Following the end of support, your software will usually continue to work as intended - until it doesn’t. Sometimes, compatibility and stability issues will suddenly arise and render the software unusable. Since EoS leaves IT teams with no manufacturer support, organizations are being pushed into purchasing new software before they’ve created a detailed upgrade plan.
If these issues don’t occur shortly after the end of service, there’s a high probability that compatibility problems will happen down the line. New software and hardware is often not programmed to be compatible with software that has reached its end of service. This can cause formidable productivity issues – modern software environments depend on many interlocking parts, and if one cog breaks, the negative effects could trickle down across your entire organization. This is especially true if these programs support your organization’s central processes.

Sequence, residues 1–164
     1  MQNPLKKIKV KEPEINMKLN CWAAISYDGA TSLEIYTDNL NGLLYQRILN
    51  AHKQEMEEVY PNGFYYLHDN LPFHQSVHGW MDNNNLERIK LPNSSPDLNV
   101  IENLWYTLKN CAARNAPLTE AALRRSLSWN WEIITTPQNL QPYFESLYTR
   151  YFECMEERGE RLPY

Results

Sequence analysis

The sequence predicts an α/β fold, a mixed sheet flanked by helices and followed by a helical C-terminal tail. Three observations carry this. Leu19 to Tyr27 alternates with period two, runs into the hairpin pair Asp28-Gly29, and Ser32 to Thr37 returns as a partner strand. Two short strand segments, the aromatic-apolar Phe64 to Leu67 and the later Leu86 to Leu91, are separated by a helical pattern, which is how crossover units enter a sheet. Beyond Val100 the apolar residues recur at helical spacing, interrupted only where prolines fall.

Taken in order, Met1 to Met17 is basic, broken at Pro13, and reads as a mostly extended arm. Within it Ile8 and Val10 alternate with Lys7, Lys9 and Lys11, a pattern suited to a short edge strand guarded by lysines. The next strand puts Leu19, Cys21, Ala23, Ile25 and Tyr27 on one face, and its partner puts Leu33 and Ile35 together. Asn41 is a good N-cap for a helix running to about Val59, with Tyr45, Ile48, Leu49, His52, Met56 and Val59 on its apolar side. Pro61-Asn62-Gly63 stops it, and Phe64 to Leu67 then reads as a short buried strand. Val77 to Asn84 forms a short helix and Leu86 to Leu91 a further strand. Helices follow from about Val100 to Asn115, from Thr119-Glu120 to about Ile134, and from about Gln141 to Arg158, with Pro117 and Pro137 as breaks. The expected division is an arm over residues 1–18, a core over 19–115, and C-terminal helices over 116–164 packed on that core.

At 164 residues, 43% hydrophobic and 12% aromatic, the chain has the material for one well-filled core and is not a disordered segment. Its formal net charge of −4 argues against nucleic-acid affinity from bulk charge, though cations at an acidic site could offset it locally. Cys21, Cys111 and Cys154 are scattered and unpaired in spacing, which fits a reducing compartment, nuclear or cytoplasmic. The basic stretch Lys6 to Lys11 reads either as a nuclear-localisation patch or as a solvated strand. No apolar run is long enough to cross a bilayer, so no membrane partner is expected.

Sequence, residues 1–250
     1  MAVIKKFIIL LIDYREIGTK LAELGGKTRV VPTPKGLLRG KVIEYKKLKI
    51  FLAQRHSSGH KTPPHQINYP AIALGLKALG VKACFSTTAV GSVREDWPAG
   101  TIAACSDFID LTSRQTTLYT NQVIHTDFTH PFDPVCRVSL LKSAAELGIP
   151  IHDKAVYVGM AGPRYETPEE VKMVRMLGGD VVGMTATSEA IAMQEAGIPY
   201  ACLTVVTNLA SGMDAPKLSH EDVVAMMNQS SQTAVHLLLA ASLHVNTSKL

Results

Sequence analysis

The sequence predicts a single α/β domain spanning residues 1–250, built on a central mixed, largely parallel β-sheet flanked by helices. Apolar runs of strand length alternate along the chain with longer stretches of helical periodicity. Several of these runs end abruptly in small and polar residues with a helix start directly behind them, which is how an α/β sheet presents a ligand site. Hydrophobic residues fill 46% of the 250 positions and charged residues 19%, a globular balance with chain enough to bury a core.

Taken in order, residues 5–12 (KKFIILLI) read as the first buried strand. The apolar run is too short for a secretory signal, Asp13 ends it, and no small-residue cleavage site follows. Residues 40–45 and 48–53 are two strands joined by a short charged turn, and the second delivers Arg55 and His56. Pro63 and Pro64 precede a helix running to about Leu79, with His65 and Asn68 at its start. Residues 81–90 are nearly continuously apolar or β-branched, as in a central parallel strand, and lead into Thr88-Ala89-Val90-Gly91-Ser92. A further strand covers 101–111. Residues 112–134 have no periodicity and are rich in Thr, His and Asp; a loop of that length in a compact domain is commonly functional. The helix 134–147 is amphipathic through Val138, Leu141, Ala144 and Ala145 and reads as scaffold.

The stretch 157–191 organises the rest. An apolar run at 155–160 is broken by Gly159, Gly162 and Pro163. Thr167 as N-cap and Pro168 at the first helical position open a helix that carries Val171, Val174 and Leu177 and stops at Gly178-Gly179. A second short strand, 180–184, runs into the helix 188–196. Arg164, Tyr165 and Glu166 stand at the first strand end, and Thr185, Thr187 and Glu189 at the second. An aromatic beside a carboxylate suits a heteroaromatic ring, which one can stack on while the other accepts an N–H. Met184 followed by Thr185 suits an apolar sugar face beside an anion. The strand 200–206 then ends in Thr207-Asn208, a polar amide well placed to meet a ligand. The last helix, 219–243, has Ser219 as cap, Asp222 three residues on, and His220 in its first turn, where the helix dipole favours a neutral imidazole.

For this reason, organizations must make Software Lifecycle Management (SLM) a priority and put a distinct focus on visibility. If key programs lack support following the end of service, it won’t just harm your bottom line in the short term, it can compromise employee satisfaction. This can then extend to your network of customers and partners, damaging your reputation.
Be sure to keep an eye on a manufacturer’s official support details, as incompatibilities sometimes arise before the end of service. For example, in 2017 Windows 7 and 8.1 stopped providing support for a few new processors from brands like Intel, AMD, and Qualcomm. Plus, one end of service event often spurs another – especially for operating systems. For example, following the end of service for Windows 7, many types of software began to announce subsequent end of service events.